Climate Change

bats frozen on ice
Bats, like these little brown bats, are vulnerable to extreme weather events.

Kimberly Miller/USGS

Rapid, unpredictable, or unusual changes in seasonal weather patterns, like those associated with climate change, can make it difficult for bats to survive. Similar to effects on other wildlife and humans, heat waves and droughts can cause bats to die from overheating or from lack of food. Massive wildfires fueled by hot and dry conditions can also be harmful to bats by destroying habitat, although some level of fire can help keep forests healthy and provide better habitat for bats.

Even within secluded caves, bats aren’t always safe from the elements. Intense storms and heavy rainfall can flood roosts, killing entire colonies of bats trapped in caves or mines. Early season snow and prolonged freezing temperatures have also killed bats by blocking cave entrances with snow drifts and ice, or causing bats to freeze to death within their roosts during hibernation.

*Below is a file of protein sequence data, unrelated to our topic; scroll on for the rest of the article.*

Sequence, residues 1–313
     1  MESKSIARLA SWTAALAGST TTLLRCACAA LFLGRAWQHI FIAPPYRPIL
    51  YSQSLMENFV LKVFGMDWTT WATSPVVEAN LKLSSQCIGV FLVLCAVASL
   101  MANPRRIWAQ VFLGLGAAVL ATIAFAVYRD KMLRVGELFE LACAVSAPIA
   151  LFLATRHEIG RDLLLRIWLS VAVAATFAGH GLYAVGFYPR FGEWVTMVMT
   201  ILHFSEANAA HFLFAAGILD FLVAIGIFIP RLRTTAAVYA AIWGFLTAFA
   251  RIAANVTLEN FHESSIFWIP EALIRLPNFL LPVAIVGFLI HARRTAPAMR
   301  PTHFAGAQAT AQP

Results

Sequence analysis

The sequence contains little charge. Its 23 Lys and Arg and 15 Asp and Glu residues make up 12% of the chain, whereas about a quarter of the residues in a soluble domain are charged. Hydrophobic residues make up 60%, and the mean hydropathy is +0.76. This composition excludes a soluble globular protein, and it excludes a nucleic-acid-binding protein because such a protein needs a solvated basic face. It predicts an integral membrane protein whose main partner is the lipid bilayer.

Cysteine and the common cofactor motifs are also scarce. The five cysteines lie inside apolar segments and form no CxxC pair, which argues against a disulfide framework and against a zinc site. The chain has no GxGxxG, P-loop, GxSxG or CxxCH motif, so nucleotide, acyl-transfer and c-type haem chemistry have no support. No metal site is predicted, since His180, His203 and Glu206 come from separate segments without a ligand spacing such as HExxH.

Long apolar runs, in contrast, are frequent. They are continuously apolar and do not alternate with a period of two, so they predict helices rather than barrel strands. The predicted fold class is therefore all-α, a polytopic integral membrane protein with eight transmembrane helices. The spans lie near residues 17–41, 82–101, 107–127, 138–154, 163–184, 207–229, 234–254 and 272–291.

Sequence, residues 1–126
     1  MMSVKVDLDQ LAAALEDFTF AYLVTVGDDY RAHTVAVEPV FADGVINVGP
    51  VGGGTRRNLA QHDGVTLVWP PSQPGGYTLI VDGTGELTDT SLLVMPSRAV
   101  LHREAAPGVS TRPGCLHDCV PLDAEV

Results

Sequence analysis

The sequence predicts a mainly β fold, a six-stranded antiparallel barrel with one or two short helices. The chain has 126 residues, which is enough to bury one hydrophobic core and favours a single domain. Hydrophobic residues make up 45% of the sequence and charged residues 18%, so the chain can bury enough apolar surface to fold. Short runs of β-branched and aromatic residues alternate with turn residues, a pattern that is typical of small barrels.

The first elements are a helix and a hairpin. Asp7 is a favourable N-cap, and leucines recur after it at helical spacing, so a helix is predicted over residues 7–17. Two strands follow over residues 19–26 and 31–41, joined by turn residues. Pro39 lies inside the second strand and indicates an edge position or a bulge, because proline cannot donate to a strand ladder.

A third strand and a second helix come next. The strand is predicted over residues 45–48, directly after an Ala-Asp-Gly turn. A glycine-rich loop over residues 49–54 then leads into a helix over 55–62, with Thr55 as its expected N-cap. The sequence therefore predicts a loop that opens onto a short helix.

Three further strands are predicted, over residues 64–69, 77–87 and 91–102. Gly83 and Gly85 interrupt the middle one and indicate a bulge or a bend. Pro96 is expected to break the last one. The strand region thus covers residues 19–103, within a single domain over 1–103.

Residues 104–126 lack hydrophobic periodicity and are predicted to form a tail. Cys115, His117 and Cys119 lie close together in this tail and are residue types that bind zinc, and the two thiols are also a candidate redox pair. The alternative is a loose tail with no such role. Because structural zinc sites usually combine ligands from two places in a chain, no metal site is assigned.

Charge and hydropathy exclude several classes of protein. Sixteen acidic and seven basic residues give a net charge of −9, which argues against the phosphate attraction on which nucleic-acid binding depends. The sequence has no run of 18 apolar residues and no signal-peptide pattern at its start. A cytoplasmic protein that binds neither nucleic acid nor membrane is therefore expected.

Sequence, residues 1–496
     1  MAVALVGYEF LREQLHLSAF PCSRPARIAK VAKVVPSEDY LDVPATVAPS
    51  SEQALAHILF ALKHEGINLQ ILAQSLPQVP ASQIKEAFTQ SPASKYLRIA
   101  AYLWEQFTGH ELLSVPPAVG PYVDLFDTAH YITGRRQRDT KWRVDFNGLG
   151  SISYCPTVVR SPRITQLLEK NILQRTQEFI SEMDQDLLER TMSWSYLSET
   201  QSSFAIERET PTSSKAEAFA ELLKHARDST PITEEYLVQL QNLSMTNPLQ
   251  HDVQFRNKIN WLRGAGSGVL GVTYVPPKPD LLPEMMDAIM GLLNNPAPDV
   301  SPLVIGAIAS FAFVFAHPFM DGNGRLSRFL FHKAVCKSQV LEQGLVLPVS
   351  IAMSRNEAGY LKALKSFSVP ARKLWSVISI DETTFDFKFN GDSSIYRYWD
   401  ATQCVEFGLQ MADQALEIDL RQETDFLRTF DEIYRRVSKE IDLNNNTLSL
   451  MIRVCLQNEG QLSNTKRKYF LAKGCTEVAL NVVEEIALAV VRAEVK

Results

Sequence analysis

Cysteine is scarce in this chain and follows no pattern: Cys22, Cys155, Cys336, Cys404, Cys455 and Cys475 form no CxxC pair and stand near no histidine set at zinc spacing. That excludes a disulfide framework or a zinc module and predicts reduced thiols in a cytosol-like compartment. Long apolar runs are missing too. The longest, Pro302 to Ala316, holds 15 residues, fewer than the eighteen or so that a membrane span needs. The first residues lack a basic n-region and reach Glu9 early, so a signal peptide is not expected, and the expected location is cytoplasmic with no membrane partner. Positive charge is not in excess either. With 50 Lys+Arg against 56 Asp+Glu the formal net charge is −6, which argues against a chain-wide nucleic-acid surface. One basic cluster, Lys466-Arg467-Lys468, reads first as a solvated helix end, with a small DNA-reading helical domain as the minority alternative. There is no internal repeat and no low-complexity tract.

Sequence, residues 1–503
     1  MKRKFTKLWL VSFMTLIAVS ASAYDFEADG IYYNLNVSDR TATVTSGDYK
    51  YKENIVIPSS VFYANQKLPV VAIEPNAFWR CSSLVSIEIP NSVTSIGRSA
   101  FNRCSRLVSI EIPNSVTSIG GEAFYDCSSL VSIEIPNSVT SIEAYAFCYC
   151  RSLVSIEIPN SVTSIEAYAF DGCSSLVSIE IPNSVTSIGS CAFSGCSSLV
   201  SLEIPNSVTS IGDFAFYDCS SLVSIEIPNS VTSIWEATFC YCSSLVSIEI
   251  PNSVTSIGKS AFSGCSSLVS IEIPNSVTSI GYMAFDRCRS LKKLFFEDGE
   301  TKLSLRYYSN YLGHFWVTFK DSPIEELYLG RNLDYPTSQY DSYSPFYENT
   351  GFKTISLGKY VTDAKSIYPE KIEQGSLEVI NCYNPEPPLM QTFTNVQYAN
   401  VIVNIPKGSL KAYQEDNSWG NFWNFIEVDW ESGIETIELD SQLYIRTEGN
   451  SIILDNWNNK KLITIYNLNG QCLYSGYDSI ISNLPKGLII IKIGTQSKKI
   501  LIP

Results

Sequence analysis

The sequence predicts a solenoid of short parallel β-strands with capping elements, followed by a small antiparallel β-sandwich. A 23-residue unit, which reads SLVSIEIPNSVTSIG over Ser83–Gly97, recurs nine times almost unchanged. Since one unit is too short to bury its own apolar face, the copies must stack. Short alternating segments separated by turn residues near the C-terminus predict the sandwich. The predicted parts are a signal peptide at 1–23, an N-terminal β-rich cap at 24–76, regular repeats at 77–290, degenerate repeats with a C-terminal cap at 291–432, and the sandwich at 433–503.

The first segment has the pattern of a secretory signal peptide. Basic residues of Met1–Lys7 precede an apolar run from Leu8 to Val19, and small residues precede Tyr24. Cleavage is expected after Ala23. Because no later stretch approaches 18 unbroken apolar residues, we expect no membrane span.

All of these events, heat waves, droughts, intense storms and flooding are occurring more often as the Earth’s climate changes and are expected to take a toll on bats around the world. Learn about Climate Change and Your National Parks.

Last updated: April 11, 2017


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